Hi, I’m Skyler.

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My Latest Content 

    Skyler J. Collins (Editor) – Everything-Voluntary.com

  • Markets aren’t Miraculous; God Bless the World

    Post by Skyler J. Collins (Editor).

    Markets, or the array of exchanges of property between individuals and groups, are responsible for the rising standard of living enjoyed by human beings all across the world. To the extent that markets are free to develop, people’s needs are easier met and conflicts over scarce resources are reduced. I’m guilty of describing these amazing effects of markets as “miraculous”. I wrote a few entries in a “Miracles of the Market” series back in 2009.

    But I was wrong to ever describe anything the market does as a miracle or as miraculous. Why? Because the positive effects of markets broadly described above do not depend on any sort of divine intervention, and its totally ridiculous to say that they do. Rather, they are the natural result of individuals and groups engaging in market action. No divine explanation necessary.

    What may require divine intervention, however, is increasing the knowledge that people have about the importance of keeping markets free, of allowing voluntary trade among consenting individuals and groups to happen however the participants involved see fit. What people need is a better understanding of rational economics, first, and second, to explore normative claims that free markets are good for people.

    I don’t know if there is a God [sic], but assuming for a moment there is, I say, “God bless the world” with a better understanding of what it takes to help people meet their needs easier and reduce conflict over scarce resources. “God bless the world” to stop its violent prohibition of voluntary trade among consenting individuals and groups. “God bless the world” to stop its campaigns of terror among innocent people. “God bless the world” to stop traumatizing its children and perpetuating the cycle of abuse. “God bless the world” to one day develop the technology to permanently make the state obsolete.

    Markets don’t need God’s blessing, but humanity sure seems to.

  • White Guilt, Technology and the State, & School Shootings (23m) – Editor’s Break 086

    Post by Skyler J. Collins (Editor).

    Editor’s Break 086 has Skyler giving his commentary on the following topics: why he shouldn’t have to apologize for the misbehavior of other white people today or in the past; how technology is necessary to make the state obsolete and bring about a free society; “gun free zones” are really “self-defense prohibited zones” and why the school shooting narratives are all wrong; and more.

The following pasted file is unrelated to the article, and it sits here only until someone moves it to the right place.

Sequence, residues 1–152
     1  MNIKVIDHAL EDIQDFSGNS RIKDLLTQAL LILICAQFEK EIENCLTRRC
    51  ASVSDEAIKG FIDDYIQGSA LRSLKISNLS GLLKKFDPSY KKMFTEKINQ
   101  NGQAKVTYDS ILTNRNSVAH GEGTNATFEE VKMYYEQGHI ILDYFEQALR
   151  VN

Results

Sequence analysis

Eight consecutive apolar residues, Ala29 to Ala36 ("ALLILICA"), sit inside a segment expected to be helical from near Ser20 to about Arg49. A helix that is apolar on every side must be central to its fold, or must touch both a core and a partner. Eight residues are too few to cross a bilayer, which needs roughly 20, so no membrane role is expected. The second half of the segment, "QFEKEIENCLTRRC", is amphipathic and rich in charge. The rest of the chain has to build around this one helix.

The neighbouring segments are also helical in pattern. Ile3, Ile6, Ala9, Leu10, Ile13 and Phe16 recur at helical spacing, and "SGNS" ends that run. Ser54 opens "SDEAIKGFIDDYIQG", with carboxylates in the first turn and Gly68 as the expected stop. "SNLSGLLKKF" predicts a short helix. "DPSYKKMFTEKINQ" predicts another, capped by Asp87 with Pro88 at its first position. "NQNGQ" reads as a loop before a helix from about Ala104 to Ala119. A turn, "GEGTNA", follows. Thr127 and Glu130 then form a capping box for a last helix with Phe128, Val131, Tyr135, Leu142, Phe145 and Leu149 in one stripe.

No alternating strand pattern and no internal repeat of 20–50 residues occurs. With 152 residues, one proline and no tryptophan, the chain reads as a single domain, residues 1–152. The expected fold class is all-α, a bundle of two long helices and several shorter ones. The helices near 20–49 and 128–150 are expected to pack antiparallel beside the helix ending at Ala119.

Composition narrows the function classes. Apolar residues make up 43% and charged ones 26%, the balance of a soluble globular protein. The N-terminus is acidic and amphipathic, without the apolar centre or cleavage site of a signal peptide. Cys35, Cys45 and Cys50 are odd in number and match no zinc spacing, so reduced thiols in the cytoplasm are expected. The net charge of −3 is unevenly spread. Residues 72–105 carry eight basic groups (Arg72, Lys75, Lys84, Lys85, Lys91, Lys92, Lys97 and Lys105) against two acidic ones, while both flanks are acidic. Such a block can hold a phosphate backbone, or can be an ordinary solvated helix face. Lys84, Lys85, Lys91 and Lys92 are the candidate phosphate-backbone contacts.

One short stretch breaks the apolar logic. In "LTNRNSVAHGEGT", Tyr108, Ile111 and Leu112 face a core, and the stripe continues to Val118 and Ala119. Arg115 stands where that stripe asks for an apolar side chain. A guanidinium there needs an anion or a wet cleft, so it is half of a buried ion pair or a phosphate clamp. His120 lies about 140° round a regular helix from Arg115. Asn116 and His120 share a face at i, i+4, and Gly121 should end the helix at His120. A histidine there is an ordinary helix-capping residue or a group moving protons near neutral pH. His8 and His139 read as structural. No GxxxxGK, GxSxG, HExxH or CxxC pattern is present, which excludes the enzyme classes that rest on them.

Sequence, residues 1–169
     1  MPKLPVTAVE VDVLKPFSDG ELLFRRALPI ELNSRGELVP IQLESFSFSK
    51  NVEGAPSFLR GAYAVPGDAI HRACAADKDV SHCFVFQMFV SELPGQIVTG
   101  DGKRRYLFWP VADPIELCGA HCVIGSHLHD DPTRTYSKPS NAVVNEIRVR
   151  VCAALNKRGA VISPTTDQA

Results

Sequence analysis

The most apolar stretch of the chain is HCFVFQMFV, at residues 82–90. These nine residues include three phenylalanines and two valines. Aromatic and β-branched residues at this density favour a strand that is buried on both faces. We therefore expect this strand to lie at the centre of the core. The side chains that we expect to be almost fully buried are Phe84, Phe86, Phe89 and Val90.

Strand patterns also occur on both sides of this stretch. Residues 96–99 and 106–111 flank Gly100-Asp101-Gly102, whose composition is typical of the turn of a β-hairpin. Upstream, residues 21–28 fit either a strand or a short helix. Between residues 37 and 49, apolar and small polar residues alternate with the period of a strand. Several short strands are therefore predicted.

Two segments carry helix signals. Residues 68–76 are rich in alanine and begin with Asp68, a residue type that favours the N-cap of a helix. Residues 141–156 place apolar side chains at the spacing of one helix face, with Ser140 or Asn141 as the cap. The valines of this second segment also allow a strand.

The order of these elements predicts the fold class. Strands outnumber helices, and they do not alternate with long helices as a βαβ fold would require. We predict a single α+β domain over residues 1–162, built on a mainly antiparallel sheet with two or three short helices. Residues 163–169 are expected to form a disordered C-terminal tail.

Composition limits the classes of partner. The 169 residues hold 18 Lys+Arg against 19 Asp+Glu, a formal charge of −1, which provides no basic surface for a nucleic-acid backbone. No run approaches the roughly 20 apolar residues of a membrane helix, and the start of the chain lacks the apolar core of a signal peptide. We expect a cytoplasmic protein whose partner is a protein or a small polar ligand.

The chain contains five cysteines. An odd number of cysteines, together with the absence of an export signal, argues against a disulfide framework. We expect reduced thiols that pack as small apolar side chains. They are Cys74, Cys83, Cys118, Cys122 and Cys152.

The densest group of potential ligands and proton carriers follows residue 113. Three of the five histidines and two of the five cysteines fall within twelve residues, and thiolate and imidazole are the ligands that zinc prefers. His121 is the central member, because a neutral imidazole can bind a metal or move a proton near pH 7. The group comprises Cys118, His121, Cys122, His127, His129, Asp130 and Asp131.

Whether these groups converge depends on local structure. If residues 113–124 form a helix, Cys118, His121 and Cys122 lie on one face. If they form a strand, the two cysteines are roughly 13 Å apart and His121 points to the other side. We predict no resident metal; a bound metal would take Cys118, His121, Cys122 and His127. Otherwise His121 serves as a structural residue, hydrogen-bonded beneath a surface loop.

Listen to Editor’s Break 086 (23m, mp3, 64kbps)

    Subscribe via RSS here, or in any podcast app by searching for “everything voluntary”.

  • Body Cameras, Humility, Dueling, & Greed (18m) – Editor’s Break 085

    Post by Skyler J. Collins (Editor).

    Editor’s Break 085 has Skyler giving his commentary on the following topics: what it will mean and how tolerable it will be when everyone’s wearing body cameras; the humility inherit in libertarian ideology; the prevalence of dueling in a free society; how best to deal with greedy or self-interested people; and more.

    Listen to Editor’s Break 085 (18m, mp3, 64kbps)

    Subscribe via RSS here, or in any podcast app by searching for “everything voluntary”.

  • Technology Kills the State, Over and Over

    Post by Skyler J. Collins (Editor).

    The state is “a bandit gang, writ large,” wrote economist and historian Murray Rothbard. This is demonstrably true due to the inability for people who call themselves “the state” or “government” to produce any factual evidence that their rules, including the rules to give them money (or else!), apply to anybody they claim to have jurisdiction over.

    Like any other criminal enterprise, they operate within a certain temporal context. The tools they wield are limited to current state of the art technology. The first states probably used what everyone else used to hunt: sticks, stones, bows, et cetera. Later states added swords and axes, then rifles and cannons, and today’s states use high powered guns, missiles, and bombs.

    If we identify a state as not only the particular time and place in which they operate, but also by the tools they use, then what is revealed over and over again are the many ways in which technology has killed the state.  For example, hypothetical State A-Sticks enforced it’s claims of jurisdiction by sticks and stones. At some point swords were invented giving State A-Sticks’s victims more power to defend themselves. In order to maintain their rule, State A-Sticks was abolished and immediately replaced with State A-Swords. Had State A-Sticks not been abolished and replaced with State A-Swords, it likely would have been ineffectual and eventually gone away. Swords made State A-Sticks obsolete, and so the only way to survive was to replace itself with State A-Swords. State A-Sticks was killed by technology.